Around May 2019, after 23 years police service, the last eight of that being a detective in Child Abuse Investigation, I found myself sitting opposite a counsellor who, despite living up to my expectations of being hippy-lite could still swear like a sailor. I’d already broken down in front of my Occupational Health Doctor in spectacular fashion, snot and tears overwhelming the single tissue that she’d passed me from the desk. Typically, and with epic and well practiced self delusion, I tried to tell her that in fact I was okay and with a few days off I’d be good to go. The doctor raised her eyes and with a kindly, patient, but slightly exasperated tone I suspect she often used for disintegrating police officers said, “Glen, you are very, very unwell. You have severe, she emphasised , PTSD, depression and anxiety. I don’t think that you will able to investigate Child Abuse for a very long time, if at all, and being a detective, I feel, will be too much for you too. It will be too much for your anxiety to deal with. You need to think about doing something else.”
Forward a few months and hippy counsellor is trying to persuade me that my “man up, crack on, keep up or move aside” persona is killing me. She says it’s an act, albeit a sub conscious one at times, and with the mini biography I’ve given her is utterly typical of people from my background. Military family, strict military boarding school, divorced parents, poor parental relations, long emergency services career, multiple bereavements including a father who died ravaged by cancer whilst living abroad leaving me with a legal estate needing time and money to sort out and the guilt of telling him he’d been a poor granddad and a worse father just before his cancer symptoms hit without any mercy or dignity.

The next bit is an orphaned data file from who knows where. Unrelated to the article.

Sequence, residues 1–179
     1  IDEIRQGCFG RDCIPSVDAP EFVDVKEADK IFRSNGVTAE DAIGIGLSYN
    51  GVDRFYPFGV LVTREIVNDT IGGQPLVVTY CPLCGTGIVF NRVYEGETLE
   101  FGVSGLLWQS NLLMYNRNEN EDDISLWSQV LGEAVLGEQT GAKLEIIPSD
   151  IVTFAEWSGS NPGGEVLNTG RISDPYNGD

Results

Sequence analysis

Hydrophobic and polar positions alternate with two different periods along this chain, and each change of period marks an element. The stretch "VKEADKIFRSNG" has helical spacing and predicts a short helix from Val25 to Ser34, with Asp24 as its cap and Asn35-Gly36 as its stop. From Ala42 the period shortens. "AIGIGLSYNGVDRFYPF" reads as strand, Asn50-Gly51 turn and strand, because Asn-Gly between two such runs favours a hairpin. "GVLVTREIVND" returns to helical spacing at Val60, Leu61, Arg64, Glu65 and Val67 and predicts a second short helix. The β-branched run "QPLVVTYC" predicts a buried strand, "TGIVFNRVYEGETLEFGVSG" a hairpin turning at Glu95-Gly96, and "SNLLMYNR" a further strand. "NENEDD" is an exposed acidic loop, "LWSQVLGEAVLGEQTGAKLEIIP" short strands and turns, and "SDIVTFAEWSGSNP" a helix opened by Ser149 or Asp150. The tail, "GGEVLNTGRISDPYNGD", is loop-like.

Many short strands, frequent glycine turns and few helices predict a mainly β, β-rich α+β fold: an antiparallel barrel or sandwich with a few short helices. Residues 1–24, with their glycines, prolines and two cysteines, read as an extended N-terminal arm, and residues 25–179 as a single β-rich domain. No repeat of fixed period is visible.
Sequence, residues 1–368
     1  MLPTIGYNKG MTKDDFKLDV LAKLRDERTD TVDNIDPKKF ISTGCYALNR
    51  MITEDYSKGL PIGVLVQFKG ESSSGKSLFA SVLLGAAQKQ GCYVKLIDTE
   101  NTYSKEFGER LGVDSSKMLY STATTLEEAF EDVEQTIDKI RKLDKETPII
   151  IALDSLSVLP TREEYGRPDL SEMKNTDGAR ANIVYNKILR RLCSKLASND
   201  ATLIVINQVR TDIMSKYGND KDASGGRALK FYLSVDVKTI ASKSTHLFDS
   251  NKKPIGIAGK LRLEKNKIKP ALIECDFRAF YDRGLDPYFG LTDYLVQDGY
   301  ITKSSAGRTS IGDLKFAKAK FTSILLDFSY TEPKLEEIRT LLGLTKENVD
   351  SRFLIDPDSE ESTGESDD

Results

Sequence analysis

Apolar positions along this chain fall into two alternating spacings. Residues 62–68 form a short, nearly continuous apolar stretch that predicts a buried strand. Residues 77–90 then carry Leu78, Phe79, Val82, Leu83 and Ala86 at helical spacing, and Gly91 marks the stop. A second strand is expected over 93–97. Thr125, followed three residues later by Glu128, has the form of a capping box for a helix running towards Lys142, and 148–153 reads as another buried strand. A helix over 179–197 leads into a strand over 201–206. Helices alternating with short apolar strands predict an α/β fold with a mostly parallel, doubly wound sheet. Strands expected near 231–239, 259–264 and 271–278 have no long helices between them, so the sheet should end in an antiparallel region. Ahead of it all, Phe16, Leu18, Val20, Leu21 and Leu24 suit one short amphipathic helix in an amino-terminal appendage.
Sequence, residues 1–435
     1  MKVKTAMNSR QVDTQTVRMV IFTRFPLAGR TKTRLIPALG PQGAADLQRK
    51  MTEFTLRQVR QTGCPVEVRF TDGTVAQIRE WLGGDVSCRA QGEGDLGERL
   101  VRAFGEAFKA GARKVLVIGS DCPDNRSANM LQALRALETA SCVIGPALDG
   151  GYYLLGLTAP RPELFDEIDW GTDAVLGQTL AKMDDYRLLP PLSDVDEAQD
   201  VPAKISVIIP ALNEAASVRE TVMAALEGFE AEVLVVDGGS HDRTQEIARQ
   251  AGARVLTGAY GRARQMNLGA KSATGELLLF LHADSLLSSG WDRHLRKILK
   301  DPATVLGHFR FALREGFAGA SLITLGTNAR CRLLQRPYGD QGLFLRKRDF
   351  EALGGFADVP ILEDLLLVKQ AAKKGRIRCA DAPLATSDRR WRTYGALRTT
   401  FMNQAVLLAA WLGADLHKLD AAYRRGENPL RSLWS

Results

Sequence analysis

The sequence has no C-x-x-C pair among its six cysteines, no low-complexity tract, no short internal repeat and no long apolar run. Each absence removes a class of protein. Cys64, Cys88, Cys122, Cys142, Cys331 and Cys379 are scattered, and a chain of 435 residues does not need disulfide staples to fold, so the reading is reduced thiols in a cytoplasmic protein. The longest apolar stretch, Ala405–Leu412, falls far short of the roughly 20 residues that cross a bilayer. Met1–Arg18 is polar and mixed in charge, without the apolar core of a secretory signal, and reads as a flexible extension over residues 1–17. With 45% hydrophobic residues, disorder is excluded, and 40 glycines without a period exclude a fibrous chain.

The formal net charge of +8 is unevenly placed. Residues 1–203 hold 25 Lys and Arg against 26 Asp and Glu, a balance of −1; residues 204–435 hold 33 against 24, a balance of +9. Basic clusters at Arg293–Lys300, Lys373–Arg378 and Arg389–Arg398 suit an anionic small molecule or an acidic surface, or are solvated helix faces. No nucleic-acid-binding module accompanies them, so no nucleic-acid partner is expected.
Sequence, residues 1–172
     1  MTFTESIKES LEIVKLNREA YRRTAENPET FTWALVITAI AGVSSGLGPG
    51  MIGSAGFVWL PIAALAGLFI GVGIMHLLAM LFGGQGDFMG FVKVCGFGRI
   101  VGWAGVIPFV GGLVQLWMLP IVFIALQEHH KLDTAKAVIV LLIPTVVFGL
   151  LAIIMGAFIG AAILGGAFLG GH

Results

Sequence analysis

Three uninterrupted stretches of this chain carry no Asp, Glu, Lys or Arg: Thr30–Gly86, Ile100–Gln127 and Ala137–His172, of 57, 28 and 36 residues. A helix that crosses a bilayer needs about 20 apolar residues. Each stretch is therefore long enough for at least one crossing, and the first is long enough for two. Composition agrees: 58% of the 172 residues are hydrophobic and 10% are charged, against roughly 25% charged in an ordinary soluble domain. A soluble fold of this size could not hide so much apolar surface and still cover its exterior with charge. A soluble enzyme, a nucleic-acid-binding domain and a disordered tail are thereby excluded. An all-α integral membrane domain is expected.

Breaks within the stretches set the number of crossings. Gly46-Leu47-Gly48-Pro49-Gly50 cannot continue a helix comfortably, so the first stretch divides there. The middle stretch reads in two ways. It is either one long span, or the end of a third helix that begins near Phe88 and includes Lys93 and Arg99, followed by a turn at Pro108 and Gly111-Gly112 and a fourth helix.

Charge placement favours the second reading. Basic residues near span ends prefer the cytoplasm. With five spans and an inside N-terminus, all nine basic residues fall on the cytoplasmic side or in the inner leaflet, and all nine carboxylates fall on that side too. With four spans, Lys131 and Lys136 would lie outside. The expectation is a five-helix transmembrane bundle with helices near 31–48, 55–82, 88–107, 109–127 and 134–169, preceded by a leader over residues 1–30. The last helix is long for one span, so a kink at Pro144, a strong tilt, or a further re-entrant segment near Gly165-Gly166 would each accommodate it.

Hippy counsellor is of course right. Inside I’m dying. What I described to my GP as feeling constantly sad, is of course, depression. Sometimes getting out of bed is only accomplished by 30 odd years of imposed and ingrained self discipline. I half joke to her that if I die in my sleep I’d still be at work on time, it’s what I expect of myself and I know that “they” also expect it too. ‘They” are the children who, in recent months, wake me up and stop me sleeping, reproaching me for not trying hard enough, for not caring enough. The ones who I saw dead, the ones who I know, despite the best efforts of “the professionals” are doomed to a childhood teetering just on the right side of what is deemed “adequate.”
The real killer though is I feel guilty for not feeling guilty enough. The sudden infant deaths I attended never had much of an impact on me. Nature is cruel and arbritary and I consoled myself with that. But all the other things I saw; the dead people, the dying people, the badly injured and the grief stricken, for years when I went home I put them in the mental box and shut the lid. I honestly thought that I was fine and it didn’t affect me. But now, unbidden and unexpectedly, the lid keeps popping open. At night, at dinner, when I’m driving and even when I’m enjoying myself and life seems okay. When the lid lifts it takes my breath away and dumps adrenaline in my system so I get the stomach lurch you get when thinking of that embarrassing, mortifying thing you did at the party, the lurch you get when you wake up and you know you have the most important exam of life THAT morning. It’s exhausting and can leave me gasping. It saps my energy, enthusiasm and patience.